· f asynchronous-workflows

F#: Playing around with asynchronous workflows

I spent a bit of time over the weekend playing around with F# asynchronous workflows and seeing how they could be used to launch Firefox windows asynchronously for my FeedBurner graph creator.

Initially I decided to try out the 'Async.RunWithContinuations' function which I recently read about on Matthew Podwysocki’s blog.

Matthew describes this as being a function which is useful for executing a single operation asynchronously and this worked out quite well for me as my application only has the ability to get one feed and then create a graph from its data.

I changed the Execute function (which takes in arguments from the command line as I wrote about previously) to launch a firefox window with the graph loaded:

let launchInFirefox url = async { System.Diagnostics.Process.Start(@"C:\Program Files\Mozilla Firefox\firefox.exe", url) |> ignore }

let timeNow () = System.DateTime.Now.ToLongTimeString()

let Execute args =
    if (Array.length args <> 3)
    then printfn "Expected usage: [feedName] [startDate yyyy-mm-dd] [endDate yyyy-mm-dd]"
        let feedName, startDate, endDate = args.[0], args.[1], args.[2]
        let graphUri = (ShowFeedBurnerStats feedName startDate endDate).AbsoluteUri

        Async.RunWithContinuations ( (fun cont -> printfn "Downloaded feed graph for %s at %s" feedName (timeNow())),
                                     (fun ex -> printfn "Failed to download feed graph for %s - %s %s " feedName (ex.Message) (ex.StackTrace)),
                                     (fun cancelled -> printfn "Feed graph downloading for %s was cancelled" feedName),
                                     (launchInFirefox graphUri) )

The function actually takes in three continuations as well as the asynchronous computation to run:

  • A continuation to run if the computation completes successfully

  • An exception continuation to run if the computation throws an exception. I was able to test this out by trying to launch a process which did not exist

  • A cancellation continuation to run if there is a signal for the computation to be cancelled

We then pass in the asynchronous computation as the last argument to the function which in this case is a process which launches FireFox with the url of the graph.

This works quite nicely but you don’t really notice that much different between launching the browser this way and just doing it using the 'Async.RunSynchronously' function.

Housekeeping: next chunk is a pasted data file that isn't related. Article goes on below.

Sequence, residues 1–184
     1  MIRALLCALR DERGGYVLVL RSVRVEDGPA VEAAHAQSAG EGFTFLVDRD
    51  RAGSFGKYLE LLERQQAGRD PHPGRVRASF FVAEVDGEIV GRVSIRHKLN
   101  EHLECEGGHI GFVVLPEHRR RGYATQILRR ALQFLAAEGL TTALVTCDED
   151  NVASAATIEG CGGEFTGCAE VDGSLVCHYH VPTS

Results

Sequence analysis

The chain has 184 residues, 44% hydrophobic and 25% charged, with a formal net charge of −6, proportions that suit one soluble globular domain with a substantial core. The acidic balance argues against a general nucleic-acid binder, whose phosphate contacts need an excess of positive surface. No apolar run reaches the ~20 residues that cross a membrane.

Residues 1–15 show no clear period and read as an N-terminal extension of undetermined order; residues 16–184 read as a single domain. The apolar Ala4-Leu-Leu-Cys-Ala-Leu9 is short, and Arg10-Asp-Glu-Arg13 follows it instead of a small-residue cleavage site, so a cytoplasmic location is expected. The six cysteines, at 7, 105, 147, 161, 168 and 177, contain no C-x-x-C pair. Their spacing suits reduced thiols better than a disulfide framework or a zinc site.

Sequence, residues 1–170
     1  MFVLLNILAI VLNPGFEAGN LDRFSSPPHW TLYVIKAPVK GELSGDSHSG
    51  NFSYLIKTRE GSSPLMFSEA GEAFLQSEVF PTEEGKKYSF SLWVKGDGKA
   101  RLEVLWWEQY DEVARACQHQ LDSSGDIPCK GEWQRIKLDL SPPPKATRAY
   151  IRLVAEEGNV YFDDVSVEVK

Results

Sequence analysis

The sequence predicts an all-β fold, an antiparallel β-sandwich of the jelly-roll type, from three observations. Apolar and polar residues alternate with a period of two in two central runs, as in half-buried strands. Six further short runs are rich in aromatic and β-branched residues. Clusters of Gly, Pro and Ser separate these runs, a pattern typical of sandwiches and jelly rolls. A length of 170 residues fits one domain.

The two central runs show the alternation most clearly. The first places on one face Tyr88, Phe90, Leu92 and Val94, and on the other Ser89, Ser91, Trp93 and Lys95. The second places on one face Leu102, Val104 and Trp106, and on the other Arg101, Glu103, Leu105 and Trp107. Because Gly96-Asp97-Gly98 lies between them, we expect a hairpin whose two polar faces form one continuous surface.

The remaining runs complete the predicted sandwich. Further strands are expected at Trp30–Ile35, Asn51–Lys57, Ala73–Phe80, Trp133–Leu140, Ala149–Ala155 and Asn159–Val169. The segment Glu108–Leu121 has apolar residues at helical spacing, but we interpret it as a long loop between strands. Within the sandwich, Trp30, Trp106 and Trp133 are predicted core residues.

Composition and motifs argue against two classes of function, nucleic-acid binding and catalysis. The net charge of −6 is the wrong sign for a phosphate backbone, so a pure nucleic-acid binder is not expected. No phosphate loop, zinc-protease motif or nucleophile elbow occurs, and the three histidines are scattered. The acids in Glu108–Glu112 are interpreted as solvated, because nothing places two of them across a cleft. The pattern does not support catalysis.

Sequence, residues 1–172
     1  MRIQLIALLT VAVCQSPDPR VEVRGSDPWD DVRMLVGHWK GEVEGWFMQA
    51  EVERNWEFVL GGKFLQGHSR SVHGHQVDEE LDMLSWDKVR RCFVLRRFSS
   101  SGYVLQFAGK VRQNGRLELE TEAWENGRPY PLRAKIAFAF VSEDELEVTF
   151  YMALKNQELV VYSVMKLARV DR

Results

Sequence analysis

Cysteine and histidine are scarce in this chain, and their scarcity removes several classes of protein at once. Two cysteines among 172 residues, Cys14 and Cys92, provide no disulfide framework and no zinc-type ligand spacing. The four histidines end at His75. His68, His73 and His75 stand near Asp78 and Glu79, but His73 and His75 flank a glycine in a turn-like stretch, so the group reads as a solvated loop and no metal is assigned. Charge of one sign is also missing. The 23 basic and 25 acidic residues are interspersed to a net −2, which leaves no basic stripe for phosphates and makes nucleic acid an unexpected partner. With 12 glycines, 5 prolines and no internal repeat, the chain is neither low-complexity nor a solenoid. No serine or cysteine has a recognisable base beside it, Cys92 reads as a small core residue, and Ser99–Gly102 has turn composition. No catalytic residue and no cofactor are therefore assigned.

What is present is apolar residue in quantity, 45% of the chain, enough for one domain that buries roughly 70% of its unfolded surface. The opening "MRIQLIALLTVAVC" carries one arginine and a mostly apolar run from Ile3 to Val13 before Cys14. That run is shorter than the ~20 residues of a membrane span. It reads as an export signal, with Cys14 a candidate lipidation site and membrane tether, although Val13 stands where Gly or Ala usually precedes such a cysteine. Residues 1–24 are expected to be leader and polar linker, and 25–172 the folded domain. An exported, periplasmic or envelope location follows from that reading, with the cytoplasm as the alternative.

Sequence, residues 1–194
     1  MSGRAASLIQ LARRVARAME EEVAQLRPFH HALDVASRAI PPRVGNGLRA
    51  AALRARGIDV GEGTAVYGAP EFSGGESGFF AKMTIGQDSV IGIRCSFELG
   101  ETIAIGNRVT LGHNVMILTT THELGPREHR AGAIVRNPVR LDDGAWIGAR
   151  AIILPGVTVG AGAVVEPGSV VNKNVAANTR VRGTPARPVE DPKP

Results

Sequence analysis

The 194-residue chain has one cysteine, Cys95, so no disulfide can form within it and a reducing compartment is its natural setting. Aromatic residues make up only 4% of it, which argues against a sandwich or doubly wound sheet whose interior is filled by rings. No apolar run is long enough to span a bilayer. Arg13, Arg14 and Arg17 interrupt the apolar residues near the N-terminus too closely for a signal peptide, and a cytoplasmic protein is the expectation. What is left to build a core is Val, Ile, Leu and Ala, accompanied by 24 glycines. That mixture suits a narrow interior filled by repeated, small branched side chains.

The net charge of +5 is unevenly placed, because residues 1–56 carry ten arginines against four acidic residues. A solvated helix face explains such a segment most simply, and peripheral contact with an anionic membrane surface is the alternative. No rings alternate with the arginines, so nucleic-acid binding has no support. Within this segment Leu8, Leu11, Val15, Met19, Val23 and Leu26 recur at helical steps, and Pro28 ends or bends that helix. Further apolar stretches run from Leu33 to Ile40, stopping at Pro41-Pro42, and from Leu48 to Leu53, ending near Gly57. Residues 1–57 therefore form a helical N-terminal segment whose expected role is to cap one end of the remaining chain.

It becomes a bit more interesting if we try to execute more than one asynchronous computations which in this case means creating multiple graphs at the same time.

My first attempt was to launch each of these computations synchronously:

let CreateGraphs (feeds:seq<string>) =
    feeds |>
    Seq.map (fun f -> ShowFeedBurnerStats f "2009-03-01" "2009-07-25") |>
    Seq.map (fun uri -> launchInFirefox uri.AbsoluteUri ) |>
    Seq.iter (Async.RunSynchronously)

I called this function like so:

let feeds = seq { yield "markneedham"; yield "scotthanselman"; yield "codethinked"; yield "haacked"; yield "Iserializable" };
CreateGraphs feeds

That works fine although there is a noticeable pause as each of these is loaded into the browser one after the other.

One way to get around this is to make use of the 'Async.Parallel' function which converts a sequence of asynchronous computations into a single asynchronous computation which can execute all of the individual asynchronous computations.

I initially got confused here and thought that passing a sequence of asynchronous computations to 'Async.Parallel' actually executed them but as I learnt you actually need to pass the result to one of the functions which actually runs the asynchronous computations.

We don’t need to change our function too much to achieve this:

let CreateGraphsParallel (feeds:seq<string>) =
    feeds |>
    Seq.map (fun f -> ShowFeedBurnerStats f "2009-03-01" "2009-07-25") |>
    Seq.map (fun uri -> launchInFirefox uri.AbsoluteUri ) |>
    Async.Parallel |>
let feeds = seq { yield "markneedham"; yield "scotthanselman"; yield "codethinked"; yield "haacked"; yield "Iserializable" };
CreateGraphsParallel feeds

The graphs seem to get launched in FireFox much more quickly using this method and there is no real pause, just a flurry of new tabs being launched as each of the graphs is opened.

I thought the 'Async.Start' function might allow us to achieve a similar result as the API comments state 'Start the asynchronous computation in the thread pool. Do not await its result' but I saw similar behaviour to when I used 'Async.RunSynchronously'

let CreateGraphsSpawn (feeds:seq<string>) =
    feeds |>
    Seq.map (fun f -> ShowFeedBurnerStats f "2009-03-01" "2009-07-25") |>
    Seq.map (fun uri -> launchInFirefox uri.AbsoluteUri ) |>
let feeds = seq { yield "markneedham"; yield "scotthanselman"; yield "codethinked"; yield "haacked"; yield "Iserializable" };
CreateGraphsSpawn feeds

Out of these 'Async.Parallel' seems to be the best function to use to get quick feedback from multiple computations.

There are also a few other functions that I haven’t tried out yet and I’m intrigued as to whether we would achieve good results by making use of MailBoxProcessors or not.

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